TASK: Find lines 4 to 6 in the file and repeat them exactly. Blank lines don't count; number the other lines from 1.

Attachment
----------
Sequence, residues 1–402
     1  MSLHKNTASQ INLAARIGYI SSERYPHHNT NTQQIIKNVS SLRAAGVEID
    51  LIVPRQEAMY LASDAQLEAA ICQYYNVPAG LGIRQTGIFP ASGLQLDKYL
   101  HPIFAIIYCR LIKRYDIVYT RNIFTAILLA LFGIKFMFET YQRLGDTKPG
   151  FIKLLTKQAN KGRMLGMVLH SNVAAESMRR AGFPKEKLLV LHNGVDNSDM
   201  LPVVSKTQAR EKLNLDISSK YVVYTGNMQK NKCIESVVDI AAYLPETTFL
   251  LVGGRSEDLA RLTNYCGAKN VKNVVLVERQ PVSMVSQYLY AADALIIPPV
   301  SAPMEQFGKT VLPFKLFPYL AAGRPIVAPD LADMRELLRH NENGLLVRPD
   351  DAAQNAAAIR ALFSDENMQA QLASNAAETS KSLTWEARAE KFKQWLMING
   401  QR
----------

   101  HPIFAIIYCR LIKRYDIVYT RNIFTAILLA LFGIKFMFET YQRLGDTKPG
   151  FIKLLTKQAN KGRMLGMVLH SNVAAESMRR AGFPKEKLLV LHNGVDNSDM
   201  LPVVSKTQAR EKLNLDISSK YVVYTGNMQK NKCIESVVDI AAYLPETTFL